How have the disguises of Lucentio, Hortensio, Tranio and the merchant been represented in previous productions?
Four people disguise themselves in The Taming of The Shrew and in doing so all adopt a different status to their own. Firstly, Lucentio and Tranio disguise themselves in Act 1 Scene 1; Lucentio disguises himself as a Latin schoolteacher, Cambio, lowering his status, whilst his servant Tranio takes on the higher status disguise by pretending to be his master Lucentio. Hortensio lowers his status to become the music teacher, Licio, and the merchant takes on a higher status by pretending to be the wealthy Vincentio. A production can interpret these disguises in many different ways, increasing either the comedy or tension in the plot.
Take a look at Things to Consider and investigate the different ways we’ve presented the disguises in past productions in the picture gallery. There is also the opportunity to investigate Act 3 Scene 1 in more detail, to look at how Lucentio and Hortensio present themselves when in disguise.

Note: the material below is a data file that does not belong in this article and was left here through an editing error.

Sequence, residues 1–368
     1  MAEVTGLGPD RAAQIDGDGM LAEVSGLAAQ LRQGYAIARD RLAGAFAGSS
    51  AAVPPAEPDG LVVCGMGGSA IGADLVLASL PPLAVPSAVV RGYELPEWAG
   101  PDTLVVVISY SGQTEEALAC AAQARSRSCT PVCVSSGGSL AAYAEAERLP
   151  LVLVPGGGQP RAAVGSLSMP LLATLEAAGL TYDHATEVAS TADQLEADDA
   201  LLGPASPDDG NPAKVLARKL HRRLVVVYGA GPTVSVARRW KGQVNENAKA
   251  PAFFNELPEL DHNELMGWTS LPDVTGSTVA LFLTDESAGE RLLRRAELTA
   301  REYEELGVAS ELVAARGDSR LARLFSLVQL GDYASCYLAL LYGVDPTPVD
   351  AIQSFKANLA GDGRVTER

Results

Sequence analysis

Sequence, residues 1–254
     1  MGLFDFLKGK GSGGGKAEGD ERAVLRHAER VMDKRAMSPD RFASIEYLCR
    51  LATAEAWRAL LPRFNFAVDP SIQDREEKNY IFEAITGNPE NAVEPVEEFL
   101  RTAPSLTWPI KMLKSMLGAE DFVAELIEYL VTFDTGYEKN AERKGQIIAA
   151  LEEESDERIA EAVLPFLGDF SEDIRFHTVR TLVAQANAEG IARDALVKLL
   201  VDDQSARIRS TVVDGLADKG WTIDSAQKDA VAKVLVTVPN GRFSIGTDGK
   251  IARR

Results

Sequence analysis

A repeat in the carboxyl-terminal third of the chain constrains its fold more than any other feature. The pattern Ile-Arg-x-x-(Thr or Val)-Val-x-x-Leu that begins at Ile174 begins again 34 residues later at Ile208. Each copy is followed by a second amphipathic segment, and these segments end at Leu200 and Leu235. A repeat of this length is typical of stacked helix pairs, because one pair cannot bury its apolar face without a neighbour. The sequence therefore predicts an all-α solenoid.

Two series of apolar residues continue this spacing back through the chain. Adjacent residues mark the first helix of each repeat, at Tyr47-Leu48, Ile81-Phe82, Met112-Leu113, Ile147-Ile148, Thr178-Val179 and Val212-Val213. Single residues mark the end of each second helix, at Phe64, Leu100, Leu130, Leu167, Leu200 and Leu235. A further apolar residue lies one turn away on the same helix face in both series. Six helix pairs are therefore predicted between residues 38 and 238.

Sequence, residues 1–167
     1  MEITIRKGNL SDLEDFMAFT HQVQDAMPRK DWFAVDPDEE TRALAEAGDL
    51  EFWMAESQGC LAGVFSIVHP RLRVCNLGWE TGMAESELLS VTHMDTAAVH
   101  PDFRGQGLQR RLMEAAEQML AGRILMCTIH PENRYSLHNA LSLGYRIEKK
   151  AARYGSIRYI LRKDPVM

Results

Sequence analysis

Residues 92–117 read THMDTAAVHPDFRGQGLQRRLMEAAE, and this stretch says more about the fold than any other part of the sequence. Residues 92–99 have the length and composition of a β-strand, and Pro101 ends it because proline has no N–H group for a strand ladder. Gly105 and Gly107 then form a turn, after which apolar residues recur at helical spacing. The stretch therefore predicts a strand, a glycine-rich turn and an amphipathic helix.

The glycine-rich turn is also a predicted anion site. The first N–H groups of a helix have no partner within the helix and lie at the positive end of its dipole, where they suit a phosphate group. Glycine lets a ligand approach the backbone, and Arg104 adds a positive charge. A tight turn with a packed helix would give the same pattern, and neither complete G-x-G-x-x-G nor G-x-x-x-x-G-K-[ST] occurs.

As you look through the images and photographs from past productions of The Taming of the Shrew, think about:
- When in disguise, how do the characters look different? Are the disguises comic or effective in concealing their true identity? How important are the disguises in generating comedy?
- The competition for Bianca, especially between the disguised Lucentio and Hortensio, creates a lot of humour in The Taming of The Shrew. One of the key moments in this is the moment where Katherina breaks a lute over Hortensio's head, an event that happens off stage. How has this been done in different productions and which versions do you think have emphasised the comic impact of this humiliation for Bianca's suitor?
How would you choose to stage this moment and what choices would you make to help show the humour in the characters' disguises and deceptions?